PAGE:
Education Diplomacy: Why Now?
Since 2009, the Association for Childhood Education International has been developing the concept of education diplomacy.
At a time when the world is becoming increasingly globalized and interdependent, education offers a platform for ensuring that the next generation is well-versed in topics critical to the human future, such as sustainable development, peace, economic and workforce development, and human rights.
Education diplomacy is increasingly important in a world faced with the following compelling statistics:
- In developing, low-income countries, every additional year of education can increase a person's future income by an average of 10 percent.
- As of 2012, 31 million primary-school pupils worldwide dropped out of school. An additional 32 million repeated a grade.
- In sub-Saharan Africa, 11.07 million children leave school before completing their primary education. In South and West Asia, that number reaches 13.54 million.
- Nearly 250 million primary-school age children do not have basic reading and mathematics skills, despite the fact that some of these children have attended school for several years.
- While girls are less likely to begin school, boys are more likely to repeat grades or drop out altogether.
- Approximately 50 percent of the 57 million out-of-school children worldwide live in conflict and emergency-affected areas.
- Children who are born to educated mothers are less likely to be stunted or malnourished. Each additional year of maternal education also reduces the child mortality rate by 2 percent.
- 53 percent of the world's out-of-school children are girls and two-thirds of the illiterate people in the world are women.
- The percentage of global aid directed to basic education - largely targeting children of primary school age - dropped sharply from 44 percent in 2011 to 40 percent in 2012.
Diplomacy movements offer an effective way to share information and communicate ideas sensitively and appropriately across various cultures and nations. In such a rapidly changing globalized world, the future of humanity itself could be at risk if we do not engage intentionally in efforts that promote sensitive communication and collaboration. Both education and diplomacy are needed in order to achieve a more stable world that offers opportunities for the healthy development of individuals and societies at large. Bringing education and diplomacy together to recognize the new concept of education diplomacy give us a dynamic and powerful tool for positively shaping our world.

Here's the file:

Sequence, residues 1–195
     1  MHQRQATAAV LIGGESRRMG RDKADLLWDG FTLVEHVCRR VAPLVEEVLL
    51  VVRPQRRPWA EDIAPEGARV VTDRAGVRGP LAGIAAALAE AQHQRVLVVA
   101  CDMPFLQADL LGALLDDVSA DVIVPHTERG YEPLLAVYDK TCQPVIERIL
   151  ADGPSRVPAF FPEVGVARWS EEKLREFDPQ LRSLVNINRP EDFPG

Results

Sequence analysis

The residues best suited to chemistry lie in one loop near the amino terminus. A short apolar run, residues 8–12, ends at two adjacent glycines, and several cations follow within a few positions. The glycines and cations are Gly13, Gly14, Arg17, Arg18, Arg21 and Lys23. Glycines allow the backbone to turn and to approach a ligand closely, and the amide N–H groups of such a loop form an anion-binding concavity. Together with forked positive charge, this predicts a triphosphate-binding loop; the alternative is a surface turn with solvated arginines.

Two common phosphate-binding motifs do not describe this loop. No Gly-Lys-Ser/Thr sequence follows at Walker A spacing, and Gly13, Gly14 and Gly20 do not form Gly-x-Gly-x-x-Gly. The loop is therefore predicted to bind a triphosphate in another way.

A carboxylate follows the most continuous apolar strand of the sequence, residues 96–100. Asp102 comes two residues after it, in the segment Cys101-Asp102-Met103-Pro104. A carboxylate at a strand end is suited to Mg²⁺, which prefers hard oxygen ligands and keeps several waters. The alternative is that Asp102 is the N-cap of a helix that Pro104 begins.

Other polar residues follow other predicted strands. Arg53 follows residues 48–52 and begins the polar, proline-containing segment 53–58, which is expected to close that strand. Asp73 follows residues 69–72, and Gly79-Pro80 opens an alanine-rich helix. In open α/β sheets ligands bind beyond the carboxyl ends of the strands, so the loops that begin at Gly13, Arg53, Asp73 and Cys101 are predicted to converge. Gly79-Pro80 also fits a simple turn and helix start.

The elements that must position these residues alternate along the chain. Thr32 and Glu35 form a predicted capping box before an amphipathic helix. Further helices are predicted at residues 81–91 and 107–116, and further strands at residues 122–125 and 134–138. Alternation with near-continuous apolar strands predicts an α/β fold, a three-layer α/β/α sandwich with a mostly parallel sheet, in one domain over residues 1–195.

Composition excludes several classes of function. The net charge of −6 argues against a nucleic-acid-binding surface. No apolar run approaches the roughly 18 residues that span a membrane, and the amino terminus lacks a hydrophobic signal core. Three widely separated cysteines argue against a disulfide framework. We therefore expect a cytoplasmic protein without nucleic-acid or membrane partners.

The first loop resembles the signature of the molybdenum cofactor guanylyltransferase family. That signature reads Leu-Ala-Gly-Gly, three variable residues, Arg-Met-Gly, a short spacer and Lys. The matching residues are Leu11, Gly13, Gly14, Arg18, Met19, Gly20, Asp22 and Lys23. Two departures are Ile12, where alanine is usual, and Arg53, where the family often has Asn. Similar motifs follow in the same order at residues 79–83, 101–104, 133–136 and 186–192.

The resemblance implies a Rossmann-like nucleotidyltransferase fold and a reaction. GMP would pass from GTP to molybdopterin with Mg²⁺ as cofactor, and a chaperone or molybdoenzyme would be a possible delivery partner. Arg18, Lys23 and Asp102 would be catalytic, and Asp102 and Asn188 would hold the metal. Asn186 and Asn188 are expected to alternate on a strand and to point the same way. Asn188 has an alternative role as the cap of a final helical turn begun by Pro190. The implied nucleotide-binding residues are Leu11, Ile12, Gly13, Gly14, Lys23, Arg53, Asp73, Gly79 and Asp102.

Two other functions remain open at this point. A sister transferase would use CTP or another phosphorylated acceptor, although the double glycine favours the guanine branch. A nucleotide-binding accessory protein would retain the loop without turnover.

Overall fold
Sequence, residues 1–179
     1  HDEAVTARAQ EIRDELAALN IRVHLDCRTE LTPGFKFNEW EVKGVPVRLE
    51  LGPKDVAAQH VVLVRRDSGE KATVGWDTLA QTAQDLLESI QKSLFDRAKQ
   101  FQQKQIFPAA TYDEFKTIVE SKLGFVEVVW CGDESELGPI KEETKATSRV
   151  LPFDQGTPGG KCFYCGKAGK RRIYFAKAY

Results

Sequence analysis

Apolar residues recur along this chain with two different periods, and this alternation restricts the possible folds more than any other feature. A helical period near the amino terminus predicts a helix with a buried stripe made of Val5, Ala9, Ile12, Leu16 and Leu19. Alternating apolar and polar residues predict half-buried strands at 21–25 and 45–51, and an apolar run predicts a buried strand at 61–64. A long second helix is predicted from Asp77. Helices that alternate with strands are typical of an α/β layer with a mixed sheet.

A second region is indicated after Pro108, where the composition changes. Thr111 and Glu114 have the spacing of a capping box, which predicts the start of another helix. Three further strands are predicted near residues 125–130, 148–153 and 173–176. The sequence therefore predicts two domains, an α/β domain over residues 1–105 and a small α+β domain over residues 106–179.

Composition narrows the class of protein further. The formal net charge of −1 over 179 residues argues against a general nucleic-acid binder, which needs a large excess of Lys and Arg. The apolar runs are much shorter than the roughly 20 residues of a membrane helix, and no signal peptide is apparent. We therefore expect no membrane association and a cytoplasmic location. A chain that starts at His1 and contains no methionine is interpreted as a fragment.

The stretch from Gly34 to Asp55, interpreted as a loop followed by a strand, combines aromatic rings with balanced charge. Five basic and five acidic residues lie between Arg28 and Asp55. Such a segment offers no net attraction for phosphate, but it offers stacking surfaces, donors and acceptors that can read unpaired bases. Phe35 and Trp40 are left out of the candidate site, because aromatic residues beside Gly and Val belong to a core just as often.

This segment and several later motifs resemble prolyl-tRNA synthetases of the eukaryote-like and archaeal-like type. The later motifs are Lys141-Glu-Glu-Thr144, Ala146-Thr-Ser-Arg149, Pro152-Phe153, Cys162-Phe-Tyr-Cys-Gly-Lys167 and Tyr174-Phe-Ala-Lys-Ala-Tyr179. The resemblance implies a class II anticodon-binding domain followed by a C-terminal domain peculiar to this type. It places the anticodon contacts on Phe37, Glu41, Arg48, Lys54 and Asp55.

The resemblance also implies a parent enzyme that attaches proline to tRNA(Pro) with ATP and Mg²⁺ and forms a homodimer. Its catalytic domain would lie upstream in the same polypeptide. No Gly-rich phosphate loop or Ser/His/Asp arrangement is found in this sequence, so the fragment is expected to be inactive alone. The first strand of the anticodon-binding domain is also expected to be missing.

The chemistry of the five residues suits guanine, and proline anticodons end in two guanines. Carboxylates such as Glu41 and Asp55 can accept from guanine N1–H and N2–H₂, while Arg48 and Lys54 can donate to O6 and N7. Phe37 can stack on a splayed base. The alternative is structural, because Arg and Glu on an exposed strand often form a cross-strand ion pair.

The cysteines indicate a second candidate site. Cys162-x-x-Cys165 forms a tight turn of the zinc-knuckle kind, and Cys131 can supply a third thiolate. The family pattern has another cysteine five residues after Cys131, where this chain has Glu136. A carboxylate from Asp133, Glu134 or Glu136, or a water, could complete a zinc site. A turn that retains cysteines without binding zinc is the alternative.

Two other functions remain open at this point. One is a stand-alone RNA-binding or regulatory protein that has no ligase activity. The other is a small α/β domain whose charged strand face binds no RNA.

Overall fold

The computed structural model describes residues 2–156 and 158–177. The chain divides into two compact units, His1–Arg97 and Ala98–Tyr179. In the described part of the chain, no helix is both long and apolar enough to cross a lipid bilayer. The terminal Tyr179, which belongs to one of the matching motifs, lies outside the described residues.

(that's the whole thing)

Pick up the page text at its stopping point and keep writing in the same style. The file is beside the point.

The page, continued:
This concept of applying the skills of diplomacy to a variety of disciplines is one that has been explored widely. We know there are other iterations of this, but one we thought you might be interested in exploring is global health diplomacy, as it is inextricably linked to global education. You can learn more about that initiative here.
Below is a list of some of the global initiatives that are currently influencing education policy in countries around the world. Familiarity with these initiatives and an understanding of their influence at national and local levels can help contextualize the current need for the practice of education diplomacy.
Education for All is a global movement that promotes lifelong learning through quality education for children, youth, and adults.
Learning for All is the goal defined by the World Bank’s Education Strategy to invest early, invest smartly, and invest for all.
The Learning Metrics Task Force was co-convened by the UNESCO Institute for Statistics and the Center for Universal Education (CUE) at the Brookings Institution to catalyze a shift in the global conversation on education from a focus on access to a focus on access plus learning.
Millions Learning is a new project launched by the CUE at the Brookings Institution, which seeks to understand how effective learning can be achieved at scale by building upon existing, cross-disciplinary literature and research initiatives.
The Millennium Development Goals are eight goals that form a blueprint to ensure all the needs of the world’s poorest citizens are met. The deadline for the goals is 2015.
The Post-2015 Development Agenda is being led by a United Nations High-Level panel and informed through an inclusive approach involving civil society, the private sector, academia, and research institutions from all regions.
The Global Partnership for Education is a multilateral partnership devoted to getting all children into school for a quality education.